Thursday, June 18, 2015

Emma Stone for WSJ. Magazine July/August 2015

    WSJ. Magazine's summer issue cover star is actress Emma Stone, who has a lead role in Woody Allen's upcoming film, Irrational Man. In her interview with Josh Eells, Stone talks about working with Allen; the Sony Pictures hack and how she reacted when her phone number and email address were published; her major pet peeves, how she's choosing her next roles and why acting helped her combat the anxieties she suffered growing up.

 Photography by Angelo Pennetta for WSJ. Magazine


Carrying a bag labeled with actor Andrew Garfield's name on it from their shared stylist's office: “See, I never talk about this stuff for this exact reason—because it’s all so speculative and baseless. Once you start responding—once you’re like, ‘No, that’s not true’—then they’re like, ‘Well, if we push enough, we’ll get a comment, so let’s see what else we can make up.’ I understand the interest in it completely, because I’ve had it, too. But it’s so special to me that it never feels good to talk about, so I just continually don’t talk about it.”

Admitting she could have flipped the bag around to avoid speculation:  “When I picked up the bag, I was like, ‘This is kind of funny if there are any [paparazzi] out there.’ There’s probably some rebelliousness that comes out in me after all these stories and people texting you for weeks about something that, for the most part, is not true. But even when it’s false, I would rather just let it be false.”

Her reaction to her phone number and email address being published on WikiLeaks after the Sony Pictures hack:  "Then I did one of the worst things ever, which was react really quickly. I was getting all these emails and texts from people I didn’t know—‘Hi, I’m Joe from the U.K. I like your movies’—and I was so overwhelmed that I went to my inbox and I deleted all my emails. In about a 30-second span, I hit ‘Select All’ and ‘Delete Forever,’ and thousands of emails, like six years of emails, are now gone forever. I was just so freaked out that someone was in there...It was horrible. I cried for like an hour. Most of the emails I’m mourning I can still talk to the person and get them back. But there’s others where the person is actually gone. It really sucks."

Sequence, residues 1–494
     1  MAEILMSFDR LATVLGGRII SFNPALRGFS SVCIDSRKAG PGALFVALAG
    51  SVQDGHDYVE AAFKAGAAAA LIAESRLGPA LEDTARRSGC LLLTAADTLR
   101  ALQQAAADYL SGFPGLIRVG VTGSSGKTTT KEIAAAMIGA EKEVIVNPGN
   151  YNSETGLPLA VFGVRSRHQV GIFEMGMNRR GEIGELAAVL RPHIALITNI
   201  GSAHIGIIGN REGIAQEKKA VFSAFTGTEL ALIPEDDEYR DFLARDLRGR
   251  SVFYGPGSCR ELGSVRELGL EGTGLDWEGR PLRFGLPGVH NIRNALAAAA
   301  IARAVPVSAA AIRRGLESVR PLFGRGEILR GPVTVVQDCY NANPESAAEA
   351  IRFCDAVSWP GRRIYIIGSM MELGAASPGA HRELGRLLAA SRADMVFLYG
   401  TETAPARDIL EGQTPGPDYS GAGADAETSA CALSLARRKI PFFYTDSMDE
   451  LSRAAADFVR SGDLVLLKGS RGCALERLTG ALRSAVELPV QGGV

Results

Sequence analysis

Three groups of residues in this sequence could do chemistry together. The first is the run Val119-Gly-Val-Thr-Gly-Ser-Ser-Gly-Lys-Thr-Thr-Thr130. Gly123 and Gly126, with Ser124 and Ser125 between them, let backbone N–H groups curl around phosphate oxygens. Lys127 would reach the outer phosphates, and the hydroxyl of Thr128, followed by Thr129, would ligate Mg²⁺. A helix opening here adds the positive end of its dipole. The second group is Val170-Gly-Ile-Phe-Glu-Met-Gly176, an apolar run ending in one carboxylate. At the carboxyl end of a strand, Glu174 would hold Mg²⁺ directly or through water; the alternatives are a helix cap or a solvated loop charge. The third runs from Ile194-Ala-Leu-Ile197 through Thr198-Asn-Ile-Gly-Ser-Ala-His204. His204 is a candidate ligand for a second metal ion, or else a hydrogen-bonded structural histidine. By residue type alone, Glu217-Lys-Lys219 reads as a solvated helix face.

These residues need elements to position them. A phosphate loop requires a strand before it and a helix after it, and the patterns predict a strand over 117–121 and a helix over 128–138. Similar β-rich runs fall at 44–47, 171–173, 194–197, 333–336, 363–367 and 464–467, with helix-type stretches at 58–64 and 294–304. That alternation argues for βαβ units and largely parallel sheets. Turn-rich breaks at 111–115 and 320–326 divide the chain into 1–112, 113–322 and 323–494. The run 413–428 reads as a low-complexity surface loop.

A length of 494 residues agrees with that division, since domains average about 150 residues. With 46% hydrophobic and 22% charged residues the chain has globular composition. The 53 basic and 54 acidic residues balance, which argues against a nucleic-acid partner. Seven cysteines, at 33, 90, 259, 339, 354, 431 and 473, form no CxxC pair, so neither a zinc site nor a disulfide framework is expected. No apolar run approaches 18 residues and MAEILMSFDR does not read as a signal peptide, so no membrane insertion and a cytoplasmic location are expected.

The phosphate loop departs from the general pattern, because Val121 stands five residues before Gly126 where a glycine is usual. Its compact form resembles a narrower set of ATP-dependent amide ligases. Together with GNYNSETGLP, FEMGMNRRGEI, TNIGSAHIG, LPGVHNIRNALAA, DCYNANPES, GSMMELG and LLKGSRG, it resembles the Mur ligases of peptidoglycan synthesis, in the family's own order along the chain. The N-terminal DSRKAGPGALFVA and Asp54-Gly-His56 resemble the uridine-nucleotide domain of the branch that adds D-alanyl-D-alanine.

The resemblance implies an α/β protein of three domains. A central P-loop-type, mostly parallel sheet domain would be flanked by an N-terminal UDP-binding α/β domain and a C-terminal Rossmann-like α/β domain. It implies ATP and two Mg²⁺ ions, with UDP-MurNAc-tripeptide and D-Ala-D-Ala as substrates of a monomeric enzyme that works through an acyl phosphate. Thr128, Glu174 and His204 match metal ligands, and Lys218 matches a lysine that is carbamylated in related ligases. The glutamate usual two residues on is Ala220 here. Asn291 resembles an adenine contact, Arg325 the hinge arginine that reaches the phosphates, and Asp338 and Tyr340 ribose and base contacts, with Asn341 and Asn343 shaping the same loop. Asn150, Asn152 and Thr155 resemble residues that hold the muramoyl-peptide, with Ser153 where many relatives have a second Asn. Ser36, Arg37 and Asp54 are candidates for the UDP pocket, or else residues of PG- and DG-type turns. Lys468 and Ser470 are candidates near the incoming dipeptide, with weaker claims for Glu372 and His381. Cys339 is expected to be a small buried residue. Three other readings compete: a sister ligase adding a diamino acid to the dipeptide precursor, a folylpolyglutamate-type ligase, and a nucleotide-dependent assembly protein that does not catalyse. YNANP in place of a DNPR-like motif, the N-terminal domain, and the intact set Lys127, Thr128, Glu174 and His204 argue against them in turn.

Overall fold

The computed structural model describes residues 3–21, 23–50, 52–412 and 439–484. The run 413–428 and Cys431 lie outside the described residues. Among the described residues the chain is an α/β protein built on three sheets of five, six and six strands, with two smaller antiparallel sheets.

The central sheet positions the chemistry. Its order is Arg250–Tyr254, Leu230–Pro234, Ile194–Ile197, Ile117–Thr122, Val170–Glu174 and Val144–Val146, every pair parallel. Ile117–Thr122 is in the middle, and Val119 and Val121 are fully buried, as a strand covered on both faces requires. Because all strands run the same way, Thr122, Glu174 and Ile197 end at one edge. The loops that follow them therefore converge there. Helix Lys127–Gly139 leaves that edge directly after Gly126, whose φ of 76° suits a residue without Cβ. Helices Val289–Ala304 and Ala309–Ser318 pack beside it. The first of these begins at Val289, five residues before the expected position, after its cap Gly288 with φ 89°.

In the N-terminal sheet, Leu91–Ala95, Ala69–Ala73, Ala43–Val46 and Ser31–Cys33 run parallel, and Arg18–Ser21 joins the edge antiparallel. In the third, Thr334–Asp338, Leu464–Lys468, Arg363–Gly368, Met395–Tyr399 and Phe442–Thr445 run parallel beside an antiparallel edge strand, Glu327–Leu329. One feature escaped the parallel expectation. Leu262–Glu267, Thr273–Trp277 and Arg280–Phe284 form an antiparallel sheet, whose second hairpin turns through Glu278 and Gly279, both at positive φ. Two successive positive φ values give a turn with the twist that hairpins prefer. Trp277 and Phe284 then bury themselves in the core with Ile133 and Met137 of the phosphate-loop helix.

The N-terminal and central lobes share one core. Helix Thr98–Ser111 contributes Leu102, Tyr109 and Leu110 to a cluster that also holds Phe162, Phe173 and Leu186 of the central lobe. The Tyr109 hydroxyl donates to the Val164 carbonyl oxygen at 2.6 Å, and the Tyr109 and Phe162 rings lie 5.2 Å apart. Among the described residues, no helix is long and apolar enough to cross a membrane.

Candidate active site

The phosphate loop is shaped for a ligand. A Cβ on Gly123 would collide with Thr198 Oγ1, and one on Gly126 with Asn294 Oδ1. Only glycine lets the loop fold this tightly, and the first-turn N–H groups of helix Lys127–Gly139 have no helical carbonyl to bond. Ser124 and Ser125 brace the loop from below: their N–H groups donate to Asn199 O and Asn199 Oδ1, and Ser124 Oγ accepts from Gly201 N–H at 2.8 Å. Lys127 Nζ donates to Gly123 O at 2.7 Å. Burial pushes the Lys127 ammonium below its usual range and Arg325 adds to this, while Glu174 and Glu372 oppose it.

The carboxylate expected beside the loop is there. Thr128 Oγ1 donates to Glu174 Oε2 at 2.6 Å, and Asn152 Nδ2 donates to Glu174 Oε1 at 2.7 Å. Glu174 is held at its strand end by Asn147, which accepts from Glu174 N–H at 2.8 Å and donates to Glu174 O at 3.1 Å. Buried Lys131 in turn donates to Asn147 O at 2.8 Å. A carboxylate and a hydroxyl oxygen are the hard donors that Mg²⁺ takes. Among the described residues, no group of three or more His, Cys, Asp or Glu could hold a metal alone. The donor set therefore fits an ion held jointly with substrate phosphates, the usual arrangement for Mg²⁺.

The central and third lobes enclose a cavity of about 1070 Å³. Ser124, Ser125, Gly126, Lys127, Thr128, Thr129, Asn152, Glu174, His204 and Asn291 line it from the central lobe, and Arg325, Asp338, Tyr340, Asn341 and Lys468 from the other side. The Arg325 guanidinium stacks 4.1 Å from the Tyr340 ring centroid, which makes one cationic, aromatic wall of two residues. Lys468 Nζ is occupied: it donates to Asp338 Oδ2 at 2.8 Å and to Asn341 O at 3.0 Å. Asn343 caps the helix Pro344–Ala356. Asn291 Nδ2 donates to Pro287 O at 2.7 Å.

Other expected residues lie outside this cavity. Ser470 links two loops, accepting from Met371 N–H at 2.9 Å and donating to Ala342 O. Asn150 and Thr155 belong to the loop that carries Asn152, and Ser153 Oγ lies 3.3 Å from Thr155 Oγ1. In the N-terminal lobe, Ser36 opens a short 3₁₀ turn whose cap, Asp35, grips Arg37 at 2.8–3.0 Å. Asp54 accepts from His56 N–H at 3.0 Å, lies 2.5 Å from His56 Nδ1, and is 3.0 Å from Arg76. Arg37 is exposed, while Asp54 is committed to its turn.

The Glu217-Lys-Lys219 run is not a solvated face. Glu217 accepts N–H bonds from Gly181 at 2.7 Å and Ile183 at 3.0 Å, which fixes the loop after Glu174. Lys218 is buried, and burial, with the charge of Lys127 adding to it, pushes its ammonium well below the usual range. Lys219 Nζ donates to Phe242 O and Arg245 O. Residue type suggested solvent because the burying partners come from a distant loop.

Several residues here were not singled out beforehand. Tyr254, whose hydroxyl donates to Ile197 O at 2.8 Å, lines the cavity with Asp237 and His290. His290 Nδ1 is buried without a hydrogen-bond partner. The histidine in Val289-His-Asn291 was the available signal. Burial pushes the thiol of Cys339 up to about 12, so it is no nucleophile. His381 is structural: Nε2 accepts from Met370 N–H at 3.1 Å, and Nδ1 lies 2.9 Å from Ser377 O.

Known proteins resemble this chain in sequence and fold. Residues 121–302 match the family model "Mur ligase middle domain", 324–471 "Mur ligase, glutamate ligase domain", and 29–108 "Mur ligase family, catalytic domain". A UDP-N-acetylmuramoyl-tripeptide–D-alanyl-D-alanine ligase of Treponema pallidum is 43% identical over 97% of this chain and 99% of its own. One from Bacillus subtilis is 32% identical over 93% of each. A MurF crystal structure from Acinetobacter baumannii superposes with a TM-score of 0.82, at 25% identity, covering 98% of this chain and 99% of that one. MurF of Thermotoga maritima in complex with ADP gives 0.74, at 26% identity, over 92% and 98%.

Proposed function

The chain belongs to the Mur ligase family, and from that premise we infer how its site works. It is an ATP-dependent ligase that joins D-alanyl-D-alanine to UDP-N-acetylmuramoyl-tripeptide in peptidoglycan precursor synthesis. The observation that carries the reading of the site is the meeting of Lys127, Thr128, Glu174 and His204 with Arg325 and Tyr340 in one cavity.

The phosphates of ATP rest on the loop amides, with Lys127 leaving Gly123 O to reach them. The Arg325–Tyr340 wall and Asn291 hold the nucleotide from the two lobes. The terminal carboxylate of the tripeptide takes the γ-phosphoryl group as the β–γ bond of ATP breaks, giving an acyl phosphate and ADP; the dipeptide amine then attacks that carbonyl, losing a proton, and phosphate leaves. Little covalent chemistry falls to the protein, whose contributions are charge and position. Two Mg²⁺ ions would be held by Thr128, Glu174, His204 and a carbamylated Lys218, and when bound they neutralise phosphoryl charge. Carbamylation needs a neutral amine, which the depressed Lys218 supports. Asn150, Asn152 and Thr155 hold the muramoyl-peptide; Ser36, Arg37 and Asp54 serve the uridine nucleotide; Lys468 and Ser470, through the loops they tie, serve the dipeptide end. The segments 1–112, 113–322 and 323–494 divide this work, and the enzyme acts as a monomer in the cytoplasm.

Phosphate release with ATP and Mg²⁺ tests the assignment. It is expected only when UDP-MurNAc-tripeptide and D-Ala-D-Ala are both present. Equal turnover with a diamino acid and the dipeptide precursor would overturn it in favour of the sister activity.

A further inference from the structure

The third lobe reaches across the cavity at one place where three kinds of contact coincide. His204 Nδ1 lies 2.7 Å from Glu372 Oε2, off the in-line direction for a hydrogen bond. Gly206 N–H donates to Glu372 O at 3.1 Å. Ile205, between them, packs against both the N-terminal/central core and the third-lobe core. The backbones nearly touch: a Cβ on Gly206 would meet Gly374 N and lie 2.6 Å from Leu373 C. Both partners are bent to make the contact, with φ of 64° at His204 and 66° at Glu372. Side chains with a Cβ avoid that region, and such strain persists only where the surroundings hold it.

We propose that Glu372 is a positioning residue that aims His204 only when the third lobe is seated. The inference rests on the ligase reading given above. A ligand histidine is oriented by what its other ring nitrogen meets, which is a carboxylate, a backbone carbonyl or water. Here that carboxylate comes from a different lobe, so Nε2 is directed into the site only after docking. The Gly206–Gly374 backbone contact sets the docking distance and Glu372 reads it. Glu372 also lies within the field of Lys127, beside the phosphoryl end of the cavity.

Working with Woody Allen (in films such as Magic in the Moonlight and Irrational Man):  “It’s terrifying. He doesn’t do table reads or any rehearsal. You can’t even ask questions about your character, because he’ll be like: ‘You know this is a movie, right?’”

Growing up with anxiety and suffering panic attacks:  “It was really bad. The first time I had a panic attack I was sitting in my friend’s house, and I thought the house was burning down. I called my mom and she brought me home, and for the next three years it just would not stop. I would go to the nurse at lunch most days and just wring my hands. I would ask my mom to tell me exactly how the day was going to be, then ask again 30 seconds later. I just needed to know that no one was going to die and nothing was going to change.”

How acting helped alleviate her anxiety:  “There’s something about the immediacy of acting. You can’t afford to think about a million other things. You have to think about the task at hand. Acting forces me to sort of be like a Zen master: What is happening right in this moment?”

Reaching a milestone in her acting career:  “There’s this insane thing that happens where you get to a point where you start not just doing things because you’re lucky to have gotten the job, but you actually start making choices. ”

How she chooses which roles she takes:  “But recently I’m starting to enjoy having experiences that I wouldn’t allow myself to have in real life—like Sally onstage, and the kind of mental breakdown she goes through. To do that in front of an audience was super liberating. I’m interested in things that are really scary and ambitious lately. Obviously Birdman was like that. And then doing the play, I was like, ‘This feels like it could totally go wrong every single day.’ And something about that feels vital. Is that a stupid thing to say?”

Playing a villain in the future: “That would be amazing. I would love that.”

Credit @WSJ. Magazine

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